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After tough ejection, Shaun Wade impact could extend beyond Ohio State

Austin Ward01/30/20
Article written by:On3 imageAustin Ward


Shaun Wade by Birm
Ohio State cornerback Shaun Wade returned to the Buckeyes with a plan to win a national title. (Birm/Lettermen Row)

COLUMBUS — Shaun Wade kept replaying the hit in his mind, trying to find anything he could have done differently.

The Ohio State cornerback watched it on the screen. He saw it constantly pop up in his social-media feed. And as he prepared earlier this month to make his decision about whether to return to the Buckeyes or leave early for the NFL Draft, the debate about his targeting ejection had a way of continuing to creep back into the conversation.

Every time Wade reflected on the blitz, the hit and the replay-booth decision that wound up with him heading to the locker room in the second quarter in the Fiesta Bowl, he came to the same conclusion.

What could he have changed? Nothing, and that’s the problem with a rule that was designed with the absolute best intentions but has produced unintended consequences for guys like Wade.

“Uh no, I can’t do anything different,” Wade told Lettermen Row earlier this month. “I don’t know if they want me to get the head up more, but my head was still up. Really can’t do anything in that situation. [Clemson quarterback Trevor Lawrence] is already 6-foot-6, and I’m 6-foot-1. So, you just can’t do anything about it.

Shaun Wade-Ohio State-Buckeyes-Ohio State football

Ohio State cornerback Shaun Wade didn’t get to play a full Fiesta Bowl. (Birm/Lettermen Row)

“I’ve watched it plenty of times. And it’s been on my Twitter feed so many times. Can’t do nothing about it. He ducked his head, he ducked his body, I was going full speed. I don’t know what they want me to do. I guess they’re going to have to adjust the rule some type of way or whatever, but they need to find something.”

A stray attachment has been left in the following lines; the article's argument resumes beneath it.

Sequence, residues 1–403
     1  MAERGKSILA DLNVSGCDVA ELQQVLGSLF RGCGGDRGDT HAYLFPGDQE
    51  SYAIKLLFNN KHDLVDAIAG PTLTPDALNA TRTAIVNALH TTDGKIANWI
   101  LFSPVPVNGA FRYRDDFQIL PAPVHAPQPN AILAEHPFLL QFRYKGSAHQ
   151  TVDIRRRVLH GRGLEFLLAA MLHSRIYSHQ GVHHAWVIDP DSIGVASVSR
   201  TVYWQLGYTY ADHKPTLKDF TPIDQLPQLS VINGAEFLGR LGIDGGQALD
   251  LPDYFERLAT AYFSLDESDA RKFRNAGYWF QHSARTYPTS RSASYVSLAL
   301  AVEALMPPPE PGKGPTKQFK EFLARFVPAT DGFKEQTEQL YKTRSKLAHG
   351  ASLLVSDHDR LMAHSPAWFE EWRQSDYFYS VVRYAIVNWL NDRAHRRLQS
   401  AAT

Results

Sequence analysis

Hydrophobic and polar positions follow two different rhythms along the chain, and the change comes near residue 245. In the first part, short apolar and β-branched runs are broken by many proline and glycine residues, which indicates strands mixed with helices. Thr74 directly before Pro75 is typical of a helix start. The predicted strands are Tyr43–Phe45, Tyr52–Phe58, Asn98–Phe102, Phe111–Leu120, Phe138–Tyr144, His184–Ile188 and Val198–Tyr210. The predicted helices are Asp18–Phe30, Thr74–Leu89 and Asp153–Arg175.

Wade isn’t the first defender to expose the flaw in the one-size-fits-all, automation-ejection penalty, and he won’t be the last unless steps are taken to differentiate between hits clearly meant to cause injury and high-speed accidents like the one in the College Football Playoff. The fact that Clemson later had to deal with its own questionable call in the national-title game only served to draw more interest to the situation, and preliminary discussions at the national level are already underway to find a solution.

Of course, it’s too late to give Shaun Wade back the kind of opportunity he had spent his entire life working for in the Fiesta Bowl. It’s also quite clear that the call against the Buckeyes not only cost them a critical sack and swung momentum, but due to the severity of the penalty, it left them without one of their most valuable defenders in a matchup it had been completely dominating when he was on the field.

Ohio State coach Ryan Day has largely chosen to avoid debating or questioning any rules in public. And in the immediate aftermath of the program being directly impacted by the ejection rule, it certainly didn’t want to appear like it was simply making a sour-grapes argument about the way targeting is being officiated.

But it’s truly not all that difficult to differentiate between Wade’s split-second collision with Lawrence while trying to make a tackle in the pocket and the kind of vicious shot that came before it in the other semifinal last month. And a logical first step that would be a separating the two, either with a yellow-card system for less egregious offenses or calling them Targeting 1 or Targeting 2 and modeling it after the basketball rules for flagrant fouls.

“I was at the AFCA head coaches meeting, and here was some talk about that and trying to make some adjustments,” Day said. “I’ll let Todd Berry and those guys talk about some of the things. But I do think that some of those things should be looked at. It’s certainly a difficult thing at times to officiate, as we all know. It’s in there for the right reasons. But there is some gray area there that’s sometimes hard. I totally get that.

Ryan Day-Ohio State-Buckeyes-Ohio State football

Ohio State coach Ryan Day acknowledged there is national talk about targeting rules. (Birm/Lettermen Row)

“But I definitely think the walk of shame, where the guy, he gets [tossed], he walks off the field. I don’t think that that’s right. And so, again, I’ll let kind of Todd go out there and talk about some of the things we voted on — but I do think there’s some different things we can look at.”

There’s no certainty how that process will play out, but there are at least a couple silver linings for Wade.

First, the ejection didn’t go down as the last moment of his career at Ohio State, so he still has a chance to come back and make up for it with another run at the College Football Playoff. And while the other consolation might not mean as much, Wade was able to crack a smile at the thought of his hit being the impetus for a rule change that could save others from the crushing experience he had out in the desert last month.

“Yeah, it’s been hard,” Wade said. “I also feel like there were a lot of calls that just didn’t go our way, but at the end of the day, we still made a lot of mistakes that cost us.

“But we can’t do anything about it now.”

Shaun Wade couldn’t think of anything else he could have done in the moment, either.

He’s ready to simply move on from it all now and focus on his impact for Ohio State. But that hit could prompt changes that take his influence nationwide.